Motorola Awarded $764 Million in Radio Trade Secret Verdict

A trade secret lawsuit ended with a $764 million verdict in favor of Motorola Solutions Inc. Motorola filed a complaint in 2017 against Hytera America, Inc. claiming they used employees, including some they hired from Motorola, to acquire trade secrets and to develop products. The federal jury voted unanimously in favor of Motorola in the Northern District of Illinois concluding the three-month trial.

The suit began in March of 2017 when Motorola filed a complaint against Hytera. Motorola alleges they continued to produce new products using the trade secrets after the case was filed. The complaint said a “central pillar [in the] plot to target Motorola from the inside” included recruiting Motorola personnel with access to the technologies. They alleged these personnel downloaded “thousands of confidential technical documents” before they left Motorola.  

Motorola specifically mentioned trade secrets pertaining to a two-way radio communication system which it supplies to public safety organizations and others.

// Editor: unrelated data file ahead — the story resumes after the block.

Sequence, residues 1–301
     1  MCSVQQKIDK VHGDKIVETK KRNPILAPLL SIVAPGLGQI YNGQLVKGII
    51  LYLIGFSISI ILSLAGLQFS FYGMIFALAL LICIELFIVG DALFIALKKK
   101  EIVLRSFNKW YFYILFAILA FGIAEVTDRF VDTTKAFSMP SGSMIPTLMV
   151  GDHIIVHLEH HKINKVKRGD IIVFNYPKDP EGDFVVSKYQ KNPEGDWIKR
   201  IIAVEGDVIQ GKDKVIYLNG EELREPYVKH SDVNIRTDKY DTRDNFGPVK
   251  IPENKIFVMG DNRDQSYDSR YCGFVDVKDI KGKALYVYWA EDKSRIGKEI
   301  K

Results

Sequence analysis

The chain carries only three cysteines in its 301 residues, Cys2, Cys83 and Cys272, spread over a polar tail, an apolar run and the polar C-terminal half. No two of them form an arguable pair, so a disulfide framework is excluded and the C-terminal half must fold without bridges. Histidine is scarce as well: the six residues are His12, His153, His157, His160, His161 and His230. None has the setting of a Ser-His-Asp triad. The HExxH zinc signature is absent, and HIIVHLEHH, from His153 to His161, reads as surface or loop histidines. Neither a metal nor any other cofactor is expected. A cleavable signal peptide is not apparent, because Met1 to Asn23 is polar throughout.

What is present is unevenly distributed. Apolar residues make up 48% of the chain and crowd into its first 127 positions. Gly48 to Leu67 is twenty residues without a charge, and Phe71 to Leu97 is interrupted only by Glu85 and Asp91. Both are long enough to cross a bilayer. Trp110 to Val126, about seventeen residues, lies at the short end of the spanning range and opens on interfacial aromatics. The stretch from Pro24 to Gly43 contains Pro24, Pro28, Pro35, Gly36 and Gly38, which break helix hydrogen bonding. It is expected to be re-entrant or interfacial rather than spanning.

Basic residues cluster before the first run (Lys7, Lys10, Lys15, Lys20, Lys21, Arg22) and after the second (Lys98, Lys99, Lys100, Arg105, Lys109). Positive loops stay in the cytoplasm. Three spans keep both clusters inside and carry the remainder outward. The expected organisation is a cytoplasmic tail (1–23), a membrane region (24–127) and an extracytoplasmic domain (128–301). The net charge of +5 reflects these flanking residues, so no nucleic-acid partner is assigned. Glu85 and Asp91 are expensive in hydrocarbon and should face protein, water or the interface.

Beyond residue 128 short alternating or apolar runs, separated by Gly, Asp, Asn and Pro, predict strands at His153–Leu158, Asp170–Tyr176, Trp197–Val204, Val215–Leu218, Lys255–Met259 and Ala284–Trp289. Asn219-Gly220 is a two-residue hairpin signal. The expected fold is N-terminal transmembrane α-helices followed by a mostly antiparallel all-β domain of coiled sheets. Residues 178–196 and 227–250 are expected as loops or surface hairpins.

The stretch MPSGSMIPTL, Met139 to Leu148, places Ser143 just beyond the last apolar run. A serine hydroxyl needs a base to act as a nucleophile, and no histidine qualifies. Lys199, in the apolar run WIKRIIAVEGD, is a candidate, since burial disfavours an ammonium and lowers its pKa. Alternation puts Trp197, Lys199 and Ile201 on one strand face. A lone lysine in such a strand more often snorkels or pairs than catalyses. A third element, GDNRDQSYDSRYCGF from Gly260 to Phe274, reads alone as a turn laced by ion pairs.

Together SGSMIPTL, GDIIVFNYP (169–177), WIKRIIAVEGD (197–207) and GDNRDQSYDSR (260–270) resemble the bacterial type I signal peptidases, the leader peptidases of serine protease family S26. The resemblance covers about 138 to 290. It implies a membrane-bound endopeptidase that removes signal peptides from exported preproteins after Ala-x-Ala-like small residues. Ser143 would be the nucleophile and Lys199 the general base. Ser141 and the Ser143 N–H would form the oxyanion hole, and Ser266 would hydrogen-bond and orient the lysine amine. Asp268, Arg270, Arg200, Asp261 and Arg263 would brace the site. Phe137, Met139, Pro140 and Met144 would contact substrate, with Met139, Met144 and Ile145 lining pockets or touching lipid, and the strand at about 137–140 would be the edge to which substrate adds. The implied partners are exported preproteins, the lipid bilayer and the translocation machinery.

Motorola alleged ongoing use of the trade secrets would cause irreparable harm and after the decision filed a request for a restraining order against Hytera requesting they stop sales of their  Digital Mobile Radio product. The memorandum requesting a Restraining Order claimed “there no longer remains any question that Hytera willfully and maliciously stole and used Motorola’s trade secrets and copyrighted source code for over a decade,” further claiming there is “no doubt” that Hytera would continue to violate those rights. 

“These are harms that cannot be remedied through a judgment for past damages, even putting aside the likelihood that Hytera will attempt to avoid enforcement of any monetary judgment entered by this Court,” the memorandum alleged. The court has not yet made a decision on the requested Temporary Restraining Order.

Motorola discussed in the complaint how much it invested in the intellectual property that Hytera acquired and used. They claimed Hytera used the same technologies but had not invested similar effort, capital or research.

“Such conduct makes investments in technology pointless and costly, and harms American companies and the economy in critical ways.  Unless halted, Hytera’s illegal actions will serve as a roadmap for other companies who have not invested in research and development themselves to steal the trade secrets of their competitors, and violate the intellectual property rights of true innovators,” the complaint said.

Motorola was represented by Kirkland & Ellis, while Hytera was represented by Steptoe & Johnson.